Keyiatta Miree is a single mother from Saginaw
“It’s just hard out here, it’s like you gotta live day-to-day. But I’m still going to make due no matter what.”
She’s been using pay day loans for three years and told the TV5 I-Team she’s probably had to pay enough to buy a house during that time.
She’s pregnant with her 9th kid and she’s going to medical school. She said it’s hard to keep up.
“I have support out here, but you try not to ask people. You try to do stuff on your own.”
The big problem she has with payday loans is the interest.
“They squeezing people with this interest.”
According to the Attorney General’s Office, payday loan companies can charge you up to 15 percent on a loan.
That means for every $100 you borrow, you are paying back an extra $15.
That may not seem like much, but the annual percentage rate is 391 percent.
“the moment you walk out, you’ve probably racked up a couple of bucks just in interest expense.”
Melanie Duquesnel with the Better Business Bureau told the I-Team most payday loan users get stuck in a cycle of debt.
“Most people will get that money and get distracted by life.”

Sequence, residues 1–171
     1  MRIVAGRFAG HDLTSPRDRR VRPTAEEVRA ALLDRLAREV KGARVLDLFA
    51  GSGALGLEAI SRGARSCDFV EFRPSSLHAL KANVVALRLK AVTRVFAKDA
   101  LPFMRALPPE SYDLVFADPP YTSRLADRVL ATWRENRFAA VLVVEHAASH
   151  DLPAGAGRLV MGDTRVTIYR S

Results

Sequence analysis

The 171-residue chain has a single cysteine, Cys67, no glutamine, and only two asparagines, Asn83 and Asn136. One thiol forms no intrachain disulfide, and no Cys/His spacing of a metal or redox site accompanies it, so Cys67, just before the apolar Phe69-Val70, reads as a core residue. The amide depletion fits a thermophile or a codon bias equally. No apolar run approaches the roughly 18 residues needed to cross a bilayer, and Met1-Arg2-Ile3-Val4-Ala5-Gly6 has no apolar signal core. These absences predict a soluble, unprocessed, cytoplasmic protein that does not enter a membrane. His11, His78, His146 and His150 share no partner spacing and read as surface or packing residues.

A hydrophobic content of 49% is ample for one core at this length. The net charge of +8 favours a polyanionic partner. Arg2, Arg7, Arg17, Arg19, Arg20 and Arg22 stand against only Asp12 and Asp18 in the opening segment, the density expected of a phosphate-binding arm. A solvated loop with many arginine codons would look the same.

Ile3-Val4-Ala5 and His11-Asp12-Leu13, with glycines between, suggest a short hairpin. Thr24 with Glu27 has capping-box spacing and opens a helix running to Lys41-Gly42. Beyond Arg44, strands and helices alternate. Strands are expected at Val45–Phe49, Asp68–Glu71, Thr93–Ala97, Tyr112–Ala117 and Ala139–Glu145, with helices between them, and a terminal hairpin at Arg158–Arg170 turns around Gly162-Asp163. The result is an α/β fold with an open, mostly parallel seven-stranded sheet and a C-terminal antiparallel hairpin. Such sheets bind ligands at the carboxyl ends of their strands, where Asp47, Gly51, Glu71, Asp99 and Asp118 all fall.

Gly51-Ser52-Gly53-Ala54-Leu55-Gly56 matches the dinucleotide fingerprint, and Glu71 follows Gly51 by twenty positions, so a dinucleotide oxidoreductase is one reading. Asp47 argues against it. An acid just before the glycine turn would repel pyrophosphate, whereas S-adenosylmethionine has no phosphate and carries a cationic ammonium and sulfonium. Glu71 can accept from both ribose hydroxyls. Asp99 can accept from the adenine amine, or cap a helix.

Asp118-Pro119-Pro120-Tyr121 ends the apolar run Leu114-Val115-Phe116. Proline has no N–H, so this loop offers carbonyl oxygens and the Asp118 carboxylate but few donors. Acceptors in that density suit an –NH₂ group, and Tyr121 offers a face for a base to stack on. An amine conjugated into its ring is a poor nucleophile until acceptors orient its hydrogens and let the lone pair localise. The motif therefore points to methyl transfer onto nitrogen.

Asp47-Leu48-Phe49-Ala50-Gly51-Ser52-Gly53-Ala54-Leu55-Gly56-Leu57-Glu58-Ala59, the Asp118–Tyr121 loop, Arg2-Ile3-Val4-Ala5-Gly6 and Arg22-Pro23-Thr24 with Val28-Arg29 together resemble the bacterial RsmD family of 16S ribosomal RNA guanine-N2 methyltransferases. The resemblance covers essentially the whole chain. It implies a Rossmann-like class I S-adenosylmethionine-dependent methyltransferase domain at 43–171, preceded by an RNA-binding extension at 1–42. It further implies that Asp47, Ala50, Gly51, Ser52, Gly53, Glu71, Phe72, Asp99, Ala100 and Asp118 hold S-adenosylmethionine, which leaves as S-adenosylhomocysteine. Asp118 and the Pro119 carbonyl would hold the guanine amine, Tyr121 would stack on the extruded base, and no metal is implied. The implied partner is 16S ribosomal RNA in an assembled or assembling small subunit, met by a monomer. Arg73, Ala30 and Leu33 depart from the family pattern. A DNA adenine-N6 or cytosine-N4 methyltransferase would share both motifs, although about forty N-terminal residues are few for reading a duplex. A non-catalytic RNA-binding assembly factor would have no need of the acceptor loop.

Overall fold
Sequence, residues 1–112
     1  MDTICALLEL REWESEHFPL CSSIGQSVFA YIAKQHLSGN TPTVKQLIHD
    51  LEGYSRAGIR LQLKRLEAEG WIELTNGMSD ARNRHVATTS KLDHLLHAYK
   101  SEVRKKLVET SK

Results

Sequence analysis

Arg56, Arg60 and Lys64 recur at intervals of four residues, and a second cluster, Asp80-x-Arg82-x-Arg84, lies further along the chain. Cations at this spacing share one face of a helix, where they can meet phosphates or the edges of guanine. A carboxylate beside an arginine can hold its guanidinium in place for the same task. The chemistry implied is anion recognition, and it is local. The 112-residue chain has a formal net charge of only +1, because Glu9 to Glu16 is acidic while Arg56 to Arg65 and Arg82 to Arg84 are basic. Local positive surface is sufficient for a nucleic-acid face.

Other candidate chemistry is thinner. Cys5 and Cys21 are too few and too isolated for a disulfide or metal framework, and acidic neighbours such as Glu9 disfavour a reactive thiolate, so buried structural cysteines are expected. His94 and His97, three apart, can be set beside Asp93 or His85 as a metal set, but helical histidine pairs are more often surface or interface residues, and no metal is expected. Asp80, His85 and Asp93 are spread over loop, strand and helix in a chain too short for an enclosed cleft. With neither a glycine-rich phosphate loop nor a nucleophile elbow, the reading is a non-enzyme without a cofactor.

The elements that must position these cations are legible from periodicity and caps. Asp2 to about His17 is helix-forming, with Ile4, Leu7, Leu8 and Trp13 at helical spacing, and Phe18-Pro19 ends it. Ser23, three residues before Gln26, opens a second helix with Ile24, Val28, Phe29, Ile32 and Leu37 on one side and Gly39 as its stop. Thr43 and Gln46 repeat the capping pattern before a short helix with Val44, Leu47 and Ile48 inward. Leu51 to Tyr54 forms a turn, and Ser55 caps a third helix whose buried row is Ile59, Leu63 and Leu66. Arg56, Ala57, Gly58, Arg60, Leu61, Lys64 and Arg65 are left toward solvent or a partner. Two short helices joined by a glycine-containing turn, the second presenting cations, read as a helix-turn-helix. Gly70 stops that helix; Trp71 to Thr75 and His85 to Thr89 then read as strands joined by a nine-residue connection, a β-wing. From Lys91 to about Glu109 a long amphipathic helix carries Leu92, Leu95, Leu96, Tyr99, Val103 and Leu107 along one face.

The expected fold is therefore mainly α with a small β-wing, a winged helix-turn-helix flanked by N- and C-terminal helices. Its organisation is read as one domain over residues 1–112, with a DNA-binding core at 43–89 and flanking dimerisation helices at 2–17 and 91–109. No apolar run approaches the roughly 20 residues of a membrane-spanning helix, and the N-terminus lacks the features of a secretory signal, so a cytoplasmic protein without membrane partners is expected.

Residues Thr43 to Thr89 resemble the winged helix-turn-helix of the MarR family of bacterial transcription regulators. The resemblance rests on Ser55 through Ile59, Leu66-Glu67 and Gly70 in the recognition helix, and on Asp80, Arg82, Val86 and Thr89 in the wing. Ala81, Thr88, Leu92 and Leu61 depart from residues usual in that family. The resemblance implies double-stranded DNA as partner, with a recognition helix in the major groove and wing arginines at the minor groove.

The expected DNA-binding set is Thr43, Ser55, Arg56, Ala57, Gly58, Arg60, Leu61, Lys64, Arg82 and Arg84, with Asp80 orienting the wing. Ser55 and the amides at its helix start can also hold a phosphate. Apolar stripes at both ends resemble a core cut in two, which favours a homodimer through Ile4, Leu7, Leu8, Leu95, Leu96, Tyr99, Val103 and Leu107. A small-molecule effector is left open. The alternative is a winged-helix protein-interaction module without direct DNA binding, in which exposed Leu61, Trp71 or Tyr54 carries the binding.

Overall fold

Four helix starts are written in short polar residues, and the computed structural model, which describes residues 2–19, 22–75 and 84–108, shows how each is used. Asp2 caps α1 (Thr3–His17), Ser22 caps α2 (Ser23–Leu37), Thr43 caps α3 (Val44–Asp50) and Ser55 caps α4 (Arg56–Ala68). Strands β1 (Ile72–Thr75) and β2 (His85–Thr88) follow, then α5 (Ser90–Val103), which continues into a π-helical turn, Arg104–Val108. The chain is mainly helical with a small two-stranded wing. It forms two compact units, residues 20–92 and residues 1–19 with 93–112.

Duquesnel said payday loan companies can get away with charging those high rates because they know if you’re using one, you’ve got no where else to go.
“You can’t borrow from a credit union, you can’t borrow from a bank. You’re already considered a high risk, so they charge interest rates to go along with that risk.”
She said there are regulations on what can be charged, but the Federal Trade Commission is lenient.
“It’s just not a big enough industry that they feel that there’s enough damage done.”
But Keyiatta said, damage is done, and she wouldn’t recommend that anybody try pay do loans if they can help it.
Duquesnel said if you’re in a situation considering a payday loan to exhaust all other options first. Ask to borrow from friends or family, or see if your church has a benevolence fund.
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